It’s kind of surprising just how few broadly released games feature Sun Wukong (a.k.a. the Monkey King or just Monkey), the central character of Journey to the West. With his roguish antiheroic persona and a litany of powers to rival Superman, he’s an ideal video game protagonist, and yet what do we have? 2010s Enslaved, a game that pretended to be based on Journey to the West and that maybe seven of you remember.
But I think that the Monkey King is going to make a big splash in digital space in the next few years. In a previous article, I mentioned Black Myth: Wukong, but it looks like Spanish developers Trazos and Red Mountain has beaten that one to the punch with The Crown of Wu. But does it capture the feel of controlling the literary legend?
First, a refresher for those who aren’t so familiar with Journey to the West. Sun Wukong is a monkey born of a stone, one who masters so many mystical techniques that he becomes a deity in his own right and ascends to the realm of the immortals. He proceeded to beat every mystic he could find, until the Jade Emperor and the Buddha took action and banished him from the heavens, trapping him beneath a boulder. His imprisonment ends when a young monk comes across him while on a pilgrimage, in turn asking for the Monkey King's help in his own quest.
The story of The Crown of Wu is pretty much that, except cyberpunk-ish. The game’s Sun Wukong lives in a world which houses tremendous natural energies that are gathered by robotic monks before actual usage. Upon his escape, Wukong finds that the illegitimate emperor has turned these monks into an army and has sent them to stop Wukong from recovering his stolen crown.
I say “cyberpunk-ish” because the setting lacks some traits one would normally associate with cyberpunk. It’s not urban, for one — Wukong’s world has a very mystical bearing, but with robots and strange science. It’s a world of ancient stone bridges and iron gates controlled by computers with interfaces designed after the I-Ching.
There are three aspects to the gameplay: combat, platforming and puzzles. These aspects are not at all equal.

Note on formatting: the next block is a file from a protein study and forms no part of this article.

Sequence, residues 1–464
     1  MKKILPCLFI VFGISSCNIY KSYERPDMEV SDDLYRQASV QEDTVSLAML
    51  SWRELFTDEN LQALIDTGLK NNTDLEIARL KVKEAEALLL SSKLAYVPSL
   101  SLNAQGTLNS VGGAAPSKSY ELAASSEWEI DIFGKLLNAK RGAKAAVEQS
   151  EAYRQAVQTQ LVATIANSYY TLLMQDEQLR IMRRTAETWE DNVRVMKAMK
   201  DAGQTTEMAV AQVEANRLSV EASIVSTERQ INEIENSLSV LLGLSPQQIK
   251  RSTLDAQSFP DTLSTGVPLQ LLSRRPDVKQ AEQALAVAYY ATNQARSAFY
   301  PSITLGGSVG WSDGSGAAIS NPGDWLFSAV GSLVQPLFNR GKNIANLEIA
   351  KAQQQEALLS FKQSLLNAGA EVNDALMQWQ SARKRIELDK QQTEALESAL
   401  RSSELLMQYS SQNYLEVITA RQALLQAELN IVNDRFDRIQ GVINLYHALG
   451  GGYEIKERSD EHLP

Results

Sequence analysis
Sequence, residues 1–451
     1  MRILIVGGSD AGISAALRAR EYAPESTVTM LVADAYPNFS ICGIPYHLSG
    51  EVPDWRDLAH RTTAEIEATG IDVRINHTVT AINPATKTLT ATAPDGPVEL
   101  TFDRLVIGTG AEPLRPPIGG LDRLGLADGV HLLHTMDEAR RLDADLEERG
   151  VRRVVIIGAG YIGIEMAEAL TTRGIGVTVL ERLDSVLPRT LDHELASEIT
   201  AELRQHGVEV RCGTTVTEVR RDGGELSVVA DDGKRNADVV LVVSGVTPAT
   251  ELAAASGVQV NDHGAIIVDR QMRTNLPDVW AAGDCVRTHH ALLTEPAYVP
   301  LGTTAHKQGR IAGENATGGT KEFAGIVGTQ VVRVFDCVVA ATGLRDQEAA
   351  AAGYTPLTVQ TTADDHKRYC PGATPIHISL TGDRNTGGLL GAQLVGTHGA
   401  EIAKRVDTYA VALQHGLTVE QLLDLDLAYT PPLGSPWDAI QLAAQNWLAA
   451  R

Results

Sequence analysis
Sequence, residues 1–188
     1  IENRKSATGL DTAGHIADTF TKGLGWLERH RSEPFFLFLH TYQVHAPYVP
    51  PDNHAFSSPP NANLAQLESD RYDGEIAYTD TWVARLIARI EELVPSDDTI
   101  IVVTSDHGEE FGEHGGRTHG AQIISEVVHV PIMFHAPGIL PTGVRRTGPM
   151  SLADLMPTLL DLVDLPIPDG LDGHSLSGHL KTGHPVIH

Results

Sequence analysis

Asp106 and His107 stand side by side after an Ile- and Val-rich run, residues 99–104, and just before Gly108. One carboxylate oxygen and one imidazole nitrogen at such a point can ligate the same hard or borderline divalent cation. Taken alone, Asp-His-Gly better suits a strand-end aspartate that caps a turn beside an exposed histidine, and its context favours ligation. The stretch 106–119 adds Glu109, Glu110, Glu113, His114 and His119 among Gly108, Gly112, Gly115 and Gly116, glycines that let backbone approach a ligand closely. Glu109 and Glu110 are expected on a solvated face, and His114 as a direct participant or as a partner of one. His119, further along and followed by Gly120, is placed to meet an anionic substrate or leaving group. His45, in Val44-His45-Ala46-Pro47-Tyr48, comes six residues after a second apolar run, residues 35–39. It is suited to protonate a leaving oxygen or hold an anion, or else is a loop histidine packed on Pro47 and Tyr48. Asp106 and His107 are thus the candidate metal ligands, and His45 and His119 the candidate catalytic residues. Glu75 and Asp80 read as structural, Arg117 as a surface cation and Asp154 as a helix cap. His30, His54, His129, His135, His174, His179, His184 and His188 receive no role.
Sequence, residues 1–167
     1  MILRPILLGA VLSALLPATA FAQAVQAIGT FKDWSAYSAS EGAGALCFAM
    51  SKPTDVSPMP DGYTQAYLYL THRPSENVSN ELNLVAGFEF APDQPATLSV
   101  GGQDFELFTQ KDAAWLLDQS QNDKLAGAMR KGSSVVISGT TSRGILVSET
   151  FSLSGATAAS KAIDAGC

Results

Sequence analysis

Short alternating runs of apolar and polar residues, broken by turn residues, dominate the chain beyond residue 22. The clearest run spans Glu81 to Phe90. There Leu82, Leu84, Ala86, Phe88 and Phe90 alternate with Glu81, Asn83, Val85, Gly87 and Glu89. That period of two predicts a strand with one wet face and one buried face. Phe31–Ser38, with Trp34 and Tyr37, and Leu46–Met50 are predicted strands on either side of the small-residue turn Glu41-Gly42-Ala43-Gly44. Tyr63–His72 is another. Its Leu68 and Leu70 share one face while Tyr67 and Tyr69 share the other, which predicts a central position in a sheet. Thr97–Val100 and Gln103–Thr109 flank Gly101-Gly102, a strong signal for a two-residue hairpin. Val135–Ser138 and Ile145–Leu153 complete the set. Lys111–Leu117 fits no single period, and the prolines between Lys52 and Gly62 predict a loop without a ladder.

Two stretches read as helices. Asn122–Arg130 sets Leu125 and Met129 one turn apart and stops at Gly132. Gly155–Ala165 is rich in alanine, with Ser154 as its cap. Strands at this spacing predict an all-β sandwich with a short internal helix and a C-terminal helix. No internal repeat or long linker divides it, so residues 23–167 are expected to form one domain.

Combat is the heart of the experience. Anyone who’s played a game described as a “Souls-like” knows what you’re in for here. Wukong possesses a few different attacks, along with a dodge and block. He also gains a suite of other powers, though most of these are used more for exploration and puzzle solving than combat. There are a few different enemy types, but as you’d expect, even the lowliest robot monk can take you out if you’re not careful.
Platforming is easily the weak link here, something that’s a shame for a character who famously flew on the clouds to the edge of the universe. The awkwardness in the air and the camera’s lack of cooperation make this version of Wukong not quite built for platforming. Fortunately, there isn’t a lot of platforming and the game is merciful with checkpoints.
The puzzles are a varied lot — some feature standard third-person block pushing type puzzles, but a few get more interesting and demand observation and exploration. There aren’t a lot of puzzles either, but they break things up a bit.
Maybe my biggest disappointment with The Crown of Wu is that Wukong is a silent protagonist. The Monkey King is the original lovable jerk — irreverent, disrespectful, tactless, but also witty and charming. What this game is missing is that attitude.
Don’t get me wrong, if you have the taste for this kind of game with this kind of combat, you’ll enjoy The Crown of Wu. However, I’m hoping that the next game to feature Monkey captures a little more of the attitude that made the original character so iconic.
To Sum Up
The Crown of Wu is a cyberpunk take on the Chinese classic Journey to the West. It will appeal to anyone who appreciates Souls-like action games, but probably won't change your mind if those games aren't to your taste.
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